To end off, I want to share the success story of my patient Monique Travis, who is really excited to share her progress with you. Monique is 46, a registered nurse who works as a case manager, now from her home because of Covid-19. I will let her tell you in her own words what has happened to her.
“I’ve always been crazy for anything sweet. For breakfast, I’d often have two or three donuts. I’ve been overweight for almost 20 years and this past January I was 230 pounds. Fortunately, I did not have diabetes, yet. But I suffered from heartburn and stomach upset. And I did have a lot of pain. Everything hurt. My knees, my back, my feet, my hands. I could hardly roll out of bed. I was in pain all day, so much that I could hardly walk. I had depression, too, but the medications gave me terrible side effects so I couldn’t take them.
“I think I must have had Covid in January, or at least a very bad flu. And I just couldn’t feel better for months afterward. I was tired all the time. My heart rate was high. I felt awful. My pain was worse than ever. I was referred to a rheumatologist and in June given the diagnosis of Sjogren’s Syndrome, an autoimmune condition that would mean I would have to go on steroid drugs. I didn’t want to take them.
“Dr. Hampton had always been talking to me about my diet — for years —in a nice way but finally, I was ready to listen and try. So he coached me on what to do and it finally clicked.
“In June I started eating a low-carb diet. I now keep it really simple. For breakfast, I have an egg-white omelet with avocado and vegetables (I don’t like yolks). For lunch, I would have something like tuna patties with more avocado, or a salad with spinach, salmon, and some veggies. For dinner, I actually find I am not that hungry, but I might sometimes have some grilled chicken with some vegetables. Or I might do an overnight fast, which feels easy. My favorite drink is ginger tea or water.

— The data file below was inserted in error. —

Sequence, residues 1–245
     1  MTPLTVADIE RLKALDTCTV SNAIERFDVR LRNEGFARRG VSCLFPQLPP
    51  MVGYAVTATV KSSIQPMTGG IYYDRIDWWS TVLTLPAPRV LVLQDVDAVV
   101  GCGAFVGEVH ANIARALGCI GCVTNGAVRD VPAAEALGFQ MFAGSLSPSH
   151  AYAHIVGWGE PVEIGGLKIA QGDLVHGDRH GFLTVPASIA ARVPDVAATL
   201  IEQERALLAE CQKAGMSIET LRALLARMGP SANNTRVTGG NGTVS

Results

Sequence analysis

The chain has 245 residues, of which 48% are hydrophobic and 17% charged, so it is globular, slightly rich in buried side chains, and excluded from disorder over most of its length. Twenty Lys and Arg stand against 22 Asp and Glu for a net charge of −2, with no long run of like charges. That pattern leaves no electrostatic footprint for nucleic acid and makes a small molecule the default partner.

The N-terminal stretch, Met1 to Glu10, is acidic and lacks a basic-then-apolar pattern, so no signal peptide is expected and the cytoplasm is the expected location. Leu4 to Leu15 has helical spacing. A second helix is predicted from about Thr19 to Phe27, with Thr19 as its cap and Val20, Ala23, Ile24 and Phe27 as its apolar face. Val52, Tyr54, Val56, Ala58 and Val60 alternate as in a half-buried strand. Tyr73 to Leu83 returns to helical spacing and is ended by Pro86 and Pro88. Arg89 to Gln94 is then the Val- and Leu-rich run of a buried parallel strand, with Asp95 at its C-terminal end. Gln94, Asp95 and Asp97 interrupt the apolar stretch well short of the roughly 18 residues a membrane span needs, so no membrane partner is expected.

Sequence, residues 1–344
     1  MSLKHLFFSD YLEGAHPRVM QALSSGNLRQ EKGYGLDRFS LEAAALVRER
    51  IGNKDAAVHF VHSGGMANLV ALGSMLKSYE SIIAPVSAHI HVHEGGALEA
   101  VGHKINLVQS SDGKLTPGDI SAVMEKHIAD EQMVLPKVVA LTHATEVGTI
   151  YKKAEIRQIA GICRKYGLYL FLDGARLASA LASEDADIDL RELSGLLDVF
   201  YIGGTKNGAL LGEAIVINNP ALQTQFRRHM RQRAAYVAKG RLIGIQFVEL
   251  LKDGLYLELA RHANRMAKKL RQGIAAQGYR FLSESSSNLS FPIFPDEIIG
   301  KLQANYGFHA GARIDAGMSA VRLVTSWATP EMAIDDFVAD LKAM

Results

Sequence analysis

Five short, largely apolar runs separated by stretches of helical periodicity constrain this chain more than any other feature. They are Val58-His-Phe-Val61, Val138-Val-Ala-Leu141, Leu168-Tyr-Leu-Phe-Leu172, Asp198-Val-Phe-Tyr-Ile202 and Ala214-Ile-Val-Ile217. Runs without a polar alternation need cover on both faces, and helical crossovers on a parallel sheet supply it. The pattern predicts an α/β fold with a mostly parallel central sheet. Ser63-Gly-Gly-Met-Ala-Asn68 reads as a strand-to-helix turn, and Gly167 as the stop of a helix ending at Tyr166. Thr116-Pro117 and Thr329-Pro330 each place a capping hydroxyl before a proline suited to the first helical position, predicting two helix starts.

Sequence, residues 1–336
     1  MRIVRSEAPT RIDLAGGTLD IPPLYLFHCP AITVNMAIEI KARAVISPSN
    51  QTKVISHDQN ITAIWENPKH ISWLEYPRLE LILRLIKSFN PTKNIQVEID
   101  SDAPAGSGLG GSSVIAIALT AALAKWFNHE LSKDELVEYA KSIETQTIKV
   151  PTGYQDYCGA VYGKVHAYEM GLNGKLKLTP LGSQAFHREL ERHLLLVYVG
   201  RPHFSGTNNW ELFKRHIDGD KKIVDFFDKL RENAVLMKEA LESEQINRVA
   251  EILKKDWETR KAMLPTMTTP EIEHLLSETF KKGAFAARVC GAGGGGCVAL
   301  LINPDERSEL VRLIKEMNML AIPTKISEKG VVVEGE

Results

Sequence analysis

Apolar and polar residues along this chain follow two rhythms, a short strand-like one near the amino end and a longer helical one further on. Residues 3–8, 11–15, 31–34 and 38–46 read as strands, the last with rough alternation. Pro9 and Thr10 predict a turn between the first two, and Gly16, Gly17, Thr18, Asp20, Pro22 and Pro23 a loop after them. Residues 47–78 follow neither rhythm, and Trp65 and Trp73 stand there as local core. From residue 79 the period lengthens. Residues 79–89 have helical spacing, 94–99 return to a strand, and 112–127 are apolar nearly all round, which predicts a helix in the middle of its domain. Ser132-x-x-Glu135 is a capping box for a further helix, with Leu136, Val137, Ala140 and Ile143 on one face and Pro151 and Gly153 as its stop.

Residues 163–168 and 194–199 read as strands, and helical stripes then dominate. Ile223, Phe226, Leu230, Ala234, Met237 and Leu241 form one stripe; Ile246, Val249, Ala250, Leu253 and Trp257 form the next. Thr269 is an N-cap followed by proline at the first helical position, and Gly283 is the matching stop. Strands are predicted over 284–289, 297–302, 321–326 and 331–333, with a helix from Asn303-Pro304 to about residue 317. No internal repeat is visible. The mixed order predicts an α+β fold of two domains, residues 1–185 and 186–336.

“And the most amazing things have happened. At about two weeks I noticed that I actually had no pain. I was walking around the grocery store, which used to be really hard for me, and I suddenly thought, ‘Hey, nothing hurts.’ The pain in all my muscles and joints has gone away.
“I have lost my taste for sweets. I even had a bite of birthday cake a few weeks ago and I just found it too sweet. I didn’t want it. And I have lost 40 pounds in three months. I am now 190lbs! I have not been that weight for more than 20 years.
“Most of all I have so much energy, which I haven’t had for years, and my depression has lifted. I have been a case manager, which is a desk job, for two years because I could not walk enough to do a hospital nursing job. Now I am walking more than two miles every day, with no pain, and I am feeling really excited that I may eventually be able to go back to my old RN job, that I loved. I have that much energy now.
“My advice is ‘just do it’. Don’t make it complicated. Eat simple food that you like and tell yourself for the old food, like the sweets, ‘You don’t need to eat that.’ And walk if you can. Walking is easy and it was where I really noticed the change in my health. I could finally walk without pain and tiredness.”
No one’s life is without struggle
Isn’t Monique’s story great? I have so many patients like her who’ve lost their reflux, their depression, their autoimmune conditions, their pain, and fatigue. Monique’s journey is off to a wonderful start. It may not be smooth sailing all the way — nobody’s life is without a bit of struggle or setbacks.
But now she has the feeling of success, energy, and empowerment and that has set her well on her way.
Throughout these columns in the coming months we’ll explore some common challenges and setbacks. And if you have a question, or an example of a NEST or ROPE issue that you feel is hindering your success, write to me at firstname.lastname@example.org. We will explore some potential solutions.
I can’t wait to be your guide.
And remember to always protect your NEST
/Dr. Tony Hampton